Can Someone help me solve these two problems
Absolute value of 2x+1 = x-1 (two solutions i think?)
and
square root of 3x+1 = 3 + square root of x-4
please help me solve
In order to solve an absolute value problem, you have to solve two separate equations. The first will be $\displaystyle 2x + 1 = x - 1$ and the second will be $\displaystyle -2x - 1 = x - 1$ or equivalently, $\displaystyle 2x + 1 = -x + 1$.
For the square root problem you begin with $\displaystyle \sqrt{3x + 1} = 3 + \sqrt{x-4}$. What you need to do is square both sides, then put everything that's not under a square root on one side, and square both sides again.
$\displaystyle |2x+1| = x-1$
You can pull the one out since it is always positive:
$\displaystyle |2x|+1 = x-1$
$\displaystyle |2x|-x = -2$
From here it should be clear that, as you have already discovered, there are no solutions, because no matter the value of x, |2x| will always be greater than it, and so |2x|-x will always be greater than or equal to zero, and thus can never equal -2.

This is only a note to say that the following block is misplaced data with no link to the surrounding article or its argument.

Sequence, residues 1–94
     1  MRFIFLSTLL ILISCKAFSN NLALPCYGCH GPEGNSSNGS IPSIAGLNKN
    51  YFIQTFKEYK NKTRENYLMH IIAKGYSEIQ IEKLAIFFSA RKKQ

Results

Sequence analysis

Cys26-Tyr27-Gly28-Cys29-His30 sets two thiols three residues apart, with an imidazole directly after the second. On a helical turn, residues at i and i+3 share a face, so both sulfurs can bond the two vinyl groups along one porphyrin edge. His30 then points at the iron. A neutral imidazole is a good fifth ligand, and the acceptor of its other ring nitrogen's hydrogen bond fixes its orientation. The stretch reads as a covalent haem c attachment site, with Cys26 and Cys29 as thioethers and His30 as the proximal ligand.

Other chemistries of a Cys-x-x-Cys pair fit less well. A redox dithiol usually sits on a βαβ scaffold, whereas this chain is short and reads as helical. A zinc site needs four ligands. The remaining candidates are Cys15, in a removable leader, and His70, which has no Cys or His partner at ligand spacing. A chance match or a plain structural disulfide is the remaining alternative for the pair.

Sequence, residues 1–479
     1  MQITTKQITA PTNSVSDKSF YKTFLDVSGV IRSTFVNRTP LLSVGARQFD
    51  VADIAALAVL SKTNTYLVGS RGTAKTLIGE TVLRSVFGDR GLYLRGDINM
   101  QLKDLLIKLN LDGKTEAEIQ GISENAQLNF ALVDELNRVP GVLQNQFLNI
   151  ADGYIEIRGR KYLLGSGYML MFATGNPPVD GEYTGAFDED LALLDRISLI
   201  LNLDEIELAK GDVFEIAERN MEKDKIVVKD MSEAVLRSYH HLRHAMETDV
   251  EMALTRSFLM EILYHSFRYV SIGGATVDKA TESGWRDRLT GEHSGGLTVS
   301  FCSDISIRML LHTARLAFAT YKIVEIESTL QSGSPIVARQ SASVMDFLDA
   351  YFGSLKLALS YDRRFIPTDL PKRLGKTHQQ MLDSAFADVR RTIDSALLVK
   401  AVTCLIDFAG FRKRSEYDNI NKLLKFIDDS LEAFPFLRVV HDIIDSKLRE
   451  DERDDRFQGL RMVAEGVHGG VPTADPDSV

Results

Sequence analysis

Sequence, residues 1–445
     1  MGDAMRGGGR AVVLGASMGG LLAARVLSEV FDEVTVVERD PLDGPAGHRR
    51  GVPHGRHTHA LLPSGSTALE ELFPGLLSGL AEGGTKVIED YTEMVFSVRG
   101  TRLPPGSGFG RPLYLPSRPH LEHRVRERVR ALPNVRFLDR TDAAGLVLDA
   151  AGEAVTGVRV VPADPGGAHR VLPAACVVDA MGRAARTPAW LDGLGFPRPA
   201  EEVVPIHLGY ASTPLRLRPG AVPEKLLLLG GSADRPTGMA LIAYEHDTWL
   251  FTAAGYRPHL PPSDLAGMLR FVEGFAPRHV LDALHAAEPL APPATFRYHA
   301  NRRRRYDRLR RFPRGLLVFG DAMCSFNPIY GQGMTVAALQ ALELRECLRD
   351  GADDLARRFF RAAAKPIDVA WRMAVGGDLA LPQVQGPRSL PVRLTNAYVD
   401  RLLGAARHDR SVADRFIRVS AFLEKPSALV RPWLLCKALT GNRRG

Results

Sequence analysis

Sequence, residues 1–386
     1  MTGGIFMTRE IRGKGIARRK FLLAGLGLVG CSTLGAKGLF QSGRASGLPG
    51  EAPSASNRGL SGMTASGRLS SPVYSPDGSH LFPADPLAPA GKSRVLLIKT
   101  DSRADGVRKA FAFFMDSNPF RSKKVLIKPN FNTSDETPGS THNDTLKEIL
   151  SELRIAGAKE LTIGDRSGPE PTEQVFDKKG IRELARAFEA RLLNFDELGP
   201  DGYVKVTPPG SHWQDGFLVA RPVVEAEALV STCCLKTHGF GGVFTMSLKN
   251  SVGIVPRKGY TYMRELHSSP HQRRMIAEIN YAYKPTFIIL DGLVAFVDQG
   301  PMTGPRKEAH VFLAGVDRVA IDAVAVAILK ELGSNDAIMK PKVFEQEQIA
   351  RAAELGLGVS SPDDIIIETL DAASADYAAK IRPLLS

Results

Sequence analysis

Be sure to see that the method that icemanfan showed you still works; you just have to be careful about your signs:
$\displaystyle \left\lvert2x + 1\right\rvert = x - 1$
$\displaystyle \Rightarrow\left(x\ge-\frac12\text{ and }2x + 1 = x - 1\right)\text{ or }\left(x<-\frac12\text{ and }-2x - 1 = x - 1\right)$
Considering the two cases separately:
$\displaystyle 2x + 1 = x - 1\Rightarrow x = -2$, but this contradicts our requirement that $\displaystyle x\ge-\frac12,$ so it is not a solution.
$\displaystyle -2x - 1 = x - 1\Rightarrow x = 0$, but this contradicts our requirement that $\displaystyle x<-\frac12,$ so it is also not a solution.
These are the only two possibilities (from the trichotomy law), so the original equation has no solutions.
It is, however, always a good idea to check your values in the original equation, because unless you are very careful in performing operations you can easily end up with extraneous (and sometimes missing) solutions.
Glad you caught that, Moo.
Tread carefully, angel.white . In general,
$\displaystyle \left\lvert a+b\right\rvert\ne\left\lvert a\right\rvert + \left\lvert b\right\rvert,$
but you can say that
$\displaystyle \left\lvert a+b\right\rvert\le\left\lvert a\right\rvert + \left\lvert b\right\rvert$
as Moo pointed out. This is known as the triangle inequality.